Give yourself the hypothetical indulgence of time travel, for a moment. Send yourself back roughly eight years, and imagine that you have an idea to develop a musical, with a hip-hop score, cast with a predominantly non-Caucasian company, that centers around a pivotal point in American history during the post-Revolutionary War. Your main character? Not a president, nor a decorated war hero...not even a romanticized spymaster or infamous traitor. Your titular hero is the first Secretary of the Treasury. Sounds thrilling, right? Well, actually...
Back in 2008, librettist, lyricist, and composer Lin-Manuel Miranda was riding high in the theatrical scope on the successes of 'In the Heights', when he started reading a Hamilton biography while vacationing. The life, energy and passions of the American forefather spoke so clearly to him that he immediately set to work on the libretto and lyrics for what we now know as 'Hamilton', the Broadway musical that is seeing such an immense success that the run is effectively sold out for the foreseeable future.
The show has passionate fans who immerse themselves in the music, the history, the accuracies and inaccuracies of the text, and the characters; the vast majority of whom have never seen the production. Schools have developed entire curricula around the show. Devoted followers put on tribute performances in public parks. People just wanting to be on the lottery for held tickets grew in such massive crowds that the "Ham4Ham" process had to relocated online for public safety.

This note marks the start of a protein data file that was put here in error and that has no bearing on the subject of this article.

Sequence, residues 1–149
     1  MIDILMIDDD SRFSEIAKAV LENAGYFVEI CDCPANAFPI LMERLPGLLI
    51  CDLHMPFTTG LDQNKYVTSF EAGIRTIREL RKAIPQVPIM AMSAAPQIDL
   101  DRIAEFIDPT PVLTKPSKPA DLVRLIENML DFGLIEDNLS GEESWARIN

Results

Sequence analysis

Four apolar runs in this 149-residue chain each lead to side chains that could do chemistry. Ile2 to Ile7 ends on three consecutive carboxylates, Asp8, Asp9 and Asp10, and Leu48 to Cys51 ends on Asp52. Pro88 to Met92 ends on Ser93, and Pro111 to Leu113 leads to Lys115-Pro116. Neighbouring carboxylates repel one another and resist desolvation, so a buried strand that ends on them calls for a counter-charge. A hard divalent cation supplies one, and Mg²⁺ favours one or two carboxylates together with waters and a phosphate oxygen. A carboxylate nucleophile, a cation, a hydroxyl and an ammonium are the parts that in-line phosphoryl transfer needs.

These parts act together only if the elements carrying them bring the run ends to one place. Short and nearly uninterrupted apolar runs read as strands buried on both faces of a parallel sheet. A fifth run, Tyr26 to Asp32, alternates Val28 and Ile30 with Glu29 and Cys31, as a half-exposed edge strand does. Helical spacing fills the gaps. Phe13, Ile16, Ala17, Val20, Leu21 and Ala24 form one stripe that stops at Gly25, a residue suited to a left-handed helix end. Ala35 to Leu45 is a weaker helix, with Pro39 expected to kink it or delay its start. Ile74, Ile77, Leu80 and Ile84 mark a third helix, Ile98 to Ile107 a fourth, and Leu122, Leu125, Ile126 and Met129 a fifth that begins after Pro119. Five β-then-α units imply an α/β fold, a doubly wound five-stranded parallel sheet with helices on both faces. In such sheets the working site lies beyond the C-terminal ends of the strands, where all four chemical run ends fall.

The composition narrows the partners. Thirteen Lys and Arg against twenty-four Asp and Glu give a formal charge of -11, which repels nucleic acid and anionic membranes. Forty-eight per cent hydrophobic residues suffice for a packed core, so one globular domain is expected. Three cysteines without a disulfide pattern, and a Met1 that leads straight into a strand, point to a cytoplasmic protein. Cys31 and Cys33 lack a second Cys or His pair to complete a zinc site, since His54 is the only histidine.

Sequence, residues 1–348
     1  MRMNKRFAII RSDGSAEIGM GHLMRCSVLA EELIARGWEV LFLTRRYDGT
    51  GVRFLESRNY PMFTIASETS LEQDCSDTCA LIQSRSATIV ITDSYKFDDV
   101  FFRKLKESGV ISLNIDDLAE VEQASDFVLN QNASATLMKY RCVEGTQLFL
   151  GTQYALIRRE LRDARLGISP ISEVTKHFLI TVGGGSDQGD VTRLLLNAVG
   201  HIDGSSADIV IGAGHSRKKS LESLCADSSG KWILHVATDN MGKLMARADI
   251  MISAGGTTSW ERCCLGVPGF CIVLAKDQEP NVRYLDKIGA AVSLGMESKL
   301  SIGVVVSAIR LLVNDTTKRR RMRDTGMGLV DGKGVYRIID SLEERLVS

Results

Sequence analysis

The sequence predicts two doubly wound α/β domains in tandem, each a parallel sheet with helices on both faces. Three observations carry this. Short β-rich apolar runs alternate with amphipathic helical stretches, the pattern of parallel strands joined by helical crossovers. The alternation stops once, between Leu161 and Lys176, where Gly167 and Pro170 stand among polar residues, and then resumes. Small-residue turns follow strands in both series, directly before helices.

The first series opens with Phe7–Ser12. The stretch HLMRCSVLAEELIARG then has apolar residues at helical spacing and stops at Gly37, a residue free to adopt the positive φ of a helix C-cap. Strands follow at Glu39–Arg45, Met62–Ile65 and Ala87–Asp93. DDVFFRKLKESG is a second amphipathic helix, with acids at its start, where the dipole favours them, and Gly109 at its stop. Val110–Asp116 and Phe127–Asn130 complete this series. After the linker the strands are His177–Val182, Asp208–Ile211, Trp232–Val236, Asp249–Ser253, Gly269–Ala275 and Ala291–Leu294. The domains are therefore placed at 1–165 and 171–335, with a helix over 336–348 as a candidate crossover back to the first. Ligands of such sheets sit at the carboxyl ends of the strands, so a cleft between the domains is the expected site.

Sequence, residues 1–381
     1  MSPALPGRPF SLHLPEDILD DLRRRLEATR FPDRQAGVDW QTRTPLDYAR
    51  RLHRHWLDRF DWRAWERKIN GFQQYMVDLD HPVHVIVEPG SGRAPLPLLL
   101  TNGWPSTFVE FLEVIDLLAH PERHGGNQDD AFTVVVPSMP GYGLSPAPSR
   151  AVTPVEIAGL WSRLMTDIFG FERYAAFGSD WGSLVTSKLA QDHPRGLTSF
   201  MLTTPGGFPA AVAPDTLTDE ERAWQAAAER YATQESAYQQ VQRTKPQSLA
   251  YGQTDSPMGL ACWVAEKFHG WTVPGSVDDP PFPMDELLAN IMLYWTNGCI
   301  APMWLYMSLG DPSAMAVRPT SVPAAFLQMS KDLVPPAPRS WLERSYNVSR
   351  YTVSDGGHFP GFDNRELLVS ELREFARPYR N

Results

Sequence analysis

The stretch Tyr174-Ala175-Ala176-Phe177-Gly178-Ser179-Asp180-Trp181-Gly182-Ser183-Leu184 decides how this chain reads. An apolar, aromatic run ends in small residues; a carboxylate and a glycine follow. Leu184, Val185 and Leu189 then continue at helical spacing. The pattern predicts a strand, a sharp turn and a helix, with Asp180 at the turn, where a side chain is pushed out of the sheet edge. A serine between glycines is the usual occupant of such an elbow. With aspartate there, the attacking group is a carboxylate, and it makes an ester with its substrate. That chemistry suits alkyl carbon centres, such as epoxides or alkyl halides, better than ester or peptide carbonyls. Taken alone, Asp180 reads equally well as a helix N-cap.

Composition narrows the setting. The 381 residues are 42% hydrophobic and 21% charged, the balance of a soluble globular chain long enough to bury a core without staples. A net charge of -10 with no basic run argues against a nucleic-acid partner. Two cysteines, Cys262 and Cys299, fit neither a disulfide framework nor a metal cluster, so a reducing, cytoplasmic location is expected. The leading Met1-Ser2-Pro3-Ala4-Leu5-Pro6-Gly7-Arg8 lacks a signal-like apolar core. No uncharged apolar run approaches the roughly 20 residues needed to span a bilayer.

Where does this massive fanaticism develop from, and what 'perfect storm' of successful craft, timely message, and breadth of audience came together to make Hamilton such an unstoppable force?
With thanks to our guests Joy Piedmont (of Inquiring Joy), Deb Stanish (of Verity! and Uncanny Magazine), and Alyssa Franke (of Whovian Feminism), we discuss the musical itself, and its devoutly committed fan base...whom we're now dubbing HAMSTERS. (Sorry we're not sorry. We're included in it, anyway.)
It's simply not fair to anyone involved that, to this day, if you mention the reading of graphic novels to a random cross-section of people, a large number of them (if not a majority) will simply assume that you've said that you read oversized comic books. End of statement; move on. The discouraging result of this assumption is that, in many cases, the idea of "comic entertainment" couldn't be farther from the intent, and in addition to the story material, to generalize the artwork into something of cartoonish categorization does a huge disservice to some of the incredible artistry, and literary merit, demonstrated in some of these publications.
So how do we dispel these preconceptions? As we always do here on IDO -- by breaking down prejudice by educating the common opinion.